In that instance, Nathan didn’t feel alone, in the most ironic of all places. His inner wrath simmered to a mild boil. Yes, the oddball was right; change meant the finale of everything.
Adults did it all the time, because they can’t hear it; the cries tugging at their pants from the floor. All that matters is them and only them. He couldn’t peg a word for what he was feeling, but an adult would have called it empathy. “I’m Nathan.”
James’ sinking expression reanimated. “It’s a pleasure to meet you, Nathan! Parents treat us all the same, don’t they?”
“Then we lost boys should stick together, right?”
A pallid hand rose to the surface with wrinkled fingertips that presented themselves. “Whaddya say we shake on it?” he offered.
Nathan leaned over the pond and extended his arm to reach. The hand snapped forward and seized him. James smile withered. Thick pain welled from his wrist and twisted like an Indian burn. The grip plunged his hand into the black water. A paralyzing chill kissed his cut palm, as though his veins were becoming icicles. In his mind he yelled ‘let me go’, but his voice box shriveled.
His free hand snatched wildly in the air for anything solid enough to cling to. Freezing pain was prodding his submerged arm and climbing higher. This had to be a prank, a sick prank that a weird boy played on strangers. His roaming fingers caught something coarse and flakey. The drooping tree! He bent and dug his nails into the bark. With a good yank, he managed to wrench his arm out of the murk. Then he saw what had hold of him and felt his mind derail. What followed out was a cluster of branchlike tentacles, noosed around his arm. They resembled vines that were dripping and dead.
The rotten smell from their smooth gluey membranes induced vomit. Mental paralysis set in. His sanity untethered and drifted to freedom, somewhere far away from this.
The face that jutted from the abyssal water was no longer James. Its milky skin sank to bluish-green with prominent flabby bruises. Both bluebell irises were engulfed by pupils that were dilating like spilled ink. “What’s the matter, Nathan?” It crooned from receding lips and deformed teeth. “I thought you were a lost boy.” No, it wasn’t a voice at all, just sputters and gurgles from water-logged lungs.
Nathan’s fingers slipped from the calloused grooves. The raw tentacles dragged him towards the watery fissure. His sneakers dug into the earth to cement himself from the sticky knots unrelenting pull.
Black jelly that had once been its eyes drained into their sockets. The bruised bags of flesh slumped and split apart, releasing putrid bile. Green ichor infused with the black water and floated atop its surface like oil streaks. The weak skin further dissolved into greenish foam that reached the sinkholes rims. Its ears, nose, cheeks, and lips, all became liquefied mass to feed the cesspool. But the voice did not melt away; it rung like a siren from the discolored skull’s splintered fibers. “Come inside. The loneliness is over and never coming back. I’m calling for you; we’re all calling for you, Nathan-Naaathan-Naaaaathan!”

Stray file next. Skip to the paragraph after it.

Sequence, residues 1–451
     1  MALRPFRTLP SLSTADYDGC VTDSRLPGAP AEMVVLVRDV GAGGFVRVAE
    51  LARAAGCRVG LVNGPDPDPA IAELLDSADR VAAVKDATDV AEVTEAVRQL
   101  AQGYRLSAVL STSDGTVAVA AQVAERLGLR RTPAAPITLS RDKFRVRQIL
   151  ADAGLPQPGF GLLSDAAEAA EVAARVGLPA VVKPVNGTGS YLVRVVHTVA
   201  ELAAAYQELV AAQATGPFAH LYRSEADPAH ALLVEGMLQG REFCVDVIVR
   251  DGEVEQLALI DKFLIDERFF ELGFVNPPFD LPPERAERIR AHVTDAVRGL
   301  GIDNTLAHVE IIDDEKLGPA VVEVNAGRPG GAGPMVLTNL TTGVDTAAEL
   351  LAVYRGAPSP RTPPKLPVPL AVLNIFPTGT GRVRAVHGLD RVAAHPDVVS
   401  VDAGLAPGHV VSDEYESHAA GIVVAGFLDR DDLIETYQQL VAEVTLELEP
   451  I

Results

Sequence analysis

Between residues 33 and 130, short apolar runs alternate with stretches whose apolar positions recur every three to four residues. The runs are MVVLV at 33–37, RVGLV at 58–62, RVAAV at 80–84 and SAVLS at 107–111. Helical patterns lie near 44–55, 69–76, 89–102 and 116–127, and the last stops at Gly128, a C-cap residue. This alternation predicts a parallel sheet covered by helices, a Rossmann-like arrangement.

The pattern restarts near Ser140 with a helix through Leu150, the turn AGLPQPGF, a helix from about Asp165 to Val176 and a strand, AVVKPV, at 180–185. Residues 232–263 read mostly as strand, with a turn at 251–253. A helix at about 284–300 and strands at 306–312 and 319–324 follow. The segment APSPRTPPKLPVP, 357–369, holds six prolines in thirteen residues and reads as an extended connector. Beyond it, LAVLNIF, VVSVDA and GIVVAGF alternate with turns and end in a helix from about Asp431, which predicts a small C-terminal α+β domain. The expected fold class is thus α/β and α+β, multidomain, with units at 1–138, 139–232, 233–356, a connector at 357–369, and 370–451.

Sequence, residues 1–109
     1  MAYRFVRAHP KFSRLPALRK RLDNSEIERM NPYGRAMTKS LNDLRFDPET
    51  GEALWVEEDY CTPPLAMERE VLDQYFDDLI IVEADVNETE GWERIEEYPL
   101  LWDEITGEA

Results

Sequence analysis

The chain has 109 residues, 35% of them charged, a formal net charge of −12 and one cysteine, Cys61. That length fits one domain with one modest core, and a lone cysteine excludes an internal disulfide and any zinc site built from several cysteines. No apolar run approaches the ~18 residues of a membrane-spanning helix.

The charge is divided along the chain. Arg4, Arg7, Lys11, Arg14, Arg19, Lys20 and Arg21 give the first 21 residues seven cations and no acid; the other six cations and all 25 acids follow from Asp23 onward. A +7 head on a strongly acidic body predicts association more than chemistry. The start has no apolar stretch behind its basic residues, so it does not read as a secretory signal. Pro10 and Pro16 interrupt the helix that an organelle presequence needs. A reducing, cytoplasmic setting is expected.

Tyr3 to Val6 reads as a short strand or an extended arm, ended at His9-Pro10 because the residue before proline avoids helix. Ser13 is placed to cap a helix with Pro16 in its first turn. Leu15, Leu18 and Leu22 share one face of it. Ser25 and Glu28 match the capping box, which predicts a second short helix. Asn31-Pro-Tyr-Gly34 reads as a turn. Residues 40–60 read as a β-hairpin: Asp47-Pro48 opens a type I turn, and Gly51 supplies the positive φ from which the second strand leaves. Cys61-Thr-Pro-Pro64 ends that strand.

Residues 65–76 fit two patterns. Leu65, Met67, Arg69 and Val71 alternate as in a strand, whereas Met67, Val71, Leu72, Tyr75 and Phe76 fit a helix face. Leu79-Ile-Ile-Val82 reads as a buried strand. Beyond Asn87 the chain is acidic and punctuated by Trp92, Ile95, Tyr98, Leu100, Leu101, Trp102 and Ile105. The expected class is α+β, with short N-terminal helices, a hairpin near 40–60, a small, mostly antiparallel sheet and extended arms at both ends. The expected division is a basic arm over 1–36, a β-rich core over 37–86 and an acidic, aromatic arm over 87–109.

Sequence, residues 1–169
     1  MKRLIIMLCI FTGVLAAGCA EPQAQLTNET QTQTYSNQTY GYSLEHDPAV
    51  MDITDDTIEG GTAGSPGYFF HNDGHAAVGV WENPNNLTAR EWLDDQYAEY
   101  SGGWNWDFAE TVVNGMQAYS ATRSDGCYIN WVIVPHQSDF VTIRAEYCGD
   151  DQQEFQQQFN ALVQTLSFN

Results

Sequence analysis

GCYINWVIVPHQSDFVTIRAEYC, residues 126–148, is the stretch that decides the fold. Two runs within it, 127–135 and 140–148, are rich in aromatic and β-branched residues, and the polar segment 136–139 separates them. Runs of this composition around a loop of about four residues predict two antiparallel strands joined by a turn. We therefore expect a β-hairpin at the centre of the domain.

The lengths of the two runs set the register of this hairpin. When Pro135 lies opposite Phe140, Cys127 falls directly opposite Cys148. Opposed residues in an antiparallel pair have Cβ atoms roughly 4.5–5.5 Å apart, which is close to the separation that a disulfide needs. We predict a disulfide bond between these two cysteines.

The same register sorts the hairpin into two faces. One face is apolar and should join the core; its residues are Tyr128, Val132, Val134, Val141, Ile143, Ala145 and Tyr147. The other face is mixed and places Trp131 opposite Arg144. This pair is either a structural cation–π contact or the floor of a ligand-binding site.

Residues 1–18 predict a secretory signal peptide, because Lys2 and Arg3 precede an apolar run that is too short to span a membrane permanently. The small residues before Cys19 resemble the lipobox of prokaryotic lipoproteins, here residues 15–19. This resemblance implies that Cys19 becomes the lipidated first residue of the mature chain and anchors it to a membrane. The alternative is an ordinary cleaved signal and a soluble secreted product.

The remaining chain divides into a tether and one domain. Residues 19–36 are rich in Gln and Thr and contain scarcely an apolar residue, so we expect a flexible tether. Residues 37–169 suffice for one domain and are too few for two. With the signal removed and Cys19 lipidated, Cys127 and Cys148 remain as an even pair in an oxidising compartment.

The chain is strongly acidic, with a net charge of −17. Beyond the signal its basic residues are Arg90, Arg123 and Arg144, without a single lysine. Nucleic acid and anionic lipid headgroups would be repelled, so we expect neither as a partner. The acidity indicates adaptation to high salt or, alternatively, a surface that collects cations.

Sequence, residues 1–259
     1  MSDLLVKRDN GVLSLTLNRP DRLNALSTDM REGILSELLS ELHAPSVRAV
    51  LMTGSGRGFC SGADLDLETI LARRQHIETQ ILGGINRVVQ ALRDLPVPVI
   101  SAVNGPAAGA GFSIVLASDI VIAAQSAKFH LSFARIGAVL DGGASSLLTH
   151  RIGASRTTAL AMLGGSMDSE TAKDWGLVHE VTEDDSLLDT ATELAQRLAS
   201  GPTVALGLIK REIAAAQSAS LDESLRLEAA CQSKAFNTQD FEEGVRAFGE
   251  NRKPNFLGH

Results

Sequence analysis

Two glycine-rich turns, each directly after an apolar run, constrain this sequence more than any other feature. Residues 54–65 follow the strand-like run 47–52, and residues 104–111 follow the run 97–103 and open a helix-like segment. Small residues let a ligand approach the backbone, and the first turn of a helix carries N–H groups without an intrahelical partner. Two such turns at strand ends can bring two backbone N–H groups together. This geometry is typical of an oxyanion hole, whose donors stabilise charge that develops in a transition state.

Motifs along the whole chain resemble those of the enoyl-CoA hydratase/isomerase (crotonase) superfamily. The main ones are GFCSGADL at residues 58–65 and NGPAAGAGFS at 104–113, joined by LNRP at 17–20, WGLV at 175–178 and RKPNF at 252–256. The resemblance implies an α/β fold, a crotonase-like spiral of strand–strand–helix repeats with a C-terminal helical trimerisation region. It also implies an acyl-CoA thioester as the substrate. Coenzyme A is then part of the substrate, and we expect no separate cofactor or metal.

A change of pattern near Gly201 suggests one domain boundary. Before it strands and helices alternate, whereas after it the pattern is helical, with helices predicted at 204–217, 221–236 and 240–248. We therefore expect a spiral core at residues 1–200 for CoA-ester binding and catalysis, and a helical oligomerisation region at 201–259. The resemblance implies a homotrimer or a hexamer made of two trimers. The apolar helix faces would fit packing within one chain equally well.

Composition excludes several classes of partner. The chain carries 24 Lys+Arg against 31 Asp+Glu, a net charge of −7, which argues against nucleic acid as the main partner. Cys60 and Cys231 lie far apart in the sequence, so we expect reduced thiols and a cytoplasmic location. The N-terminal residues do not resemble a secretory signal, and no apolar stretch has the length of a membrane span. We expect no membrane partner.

A pain was being ignited in Nathan’s shoulder. With every violent jerk and tug the internal fire outspread. It couldn’t be contained. Bone started to torque. His threshold of pain erupted from a churning pop from the socket.
He hoisted his neck and bawled mindlessly to the treetops. The world became fuzzy red grains. His mind short-circuited. In a gasping broken voice, he cried for help. He cried for his mother and father. He cried for his grandparents. Somewhere within the collapsing halls of his consciousness, a speck of solidity knew that he was yelling, but couldn’t hear anything. It was being drowned out by an amalgam of screams, children’s screams. They wafted from the Dismal Maw in a choir of mindless pleas and indiscernible moans.
“Come inside; meet the family. We’re all lost boys and girls here! It hurts to fight, doesn’t it? Just let go, why fight it?”
It jerked him ever closer to the dark green froth. Every sense of feeling left his dislocated shoulder in a numb veil. Howls of wailing children invaded his eardrums. He could gaze straight down into the Maw’s gullet now. No reflection stared back, only empty space. Yes, the infinite empty space that waited for him. The darkness was coming closer—hungry darkness. Horrific reality pitted his fleeting world. He was all alone, isolated from everyone. His parent’s silhouettes waned on the horizon.
“You’re slipping, I can feel it. The pain will stop, I promise. Aren’t you tired of them hurting you? Leave your parents behind, just like they did you.”
Nathan’s strength abandoned him. His body glided over the rim and dropped headfirst into the tainted fluid. Sharp chills stabbed every nerve they could reach. The water shot into his ears and nostrils. Invisible rip currents sucked him further into in the void. His lungs contracted and felt like they were tearing open. Screams bubbled out of his throat. Wake up, he begged. Wake me up! Please, PLEASE!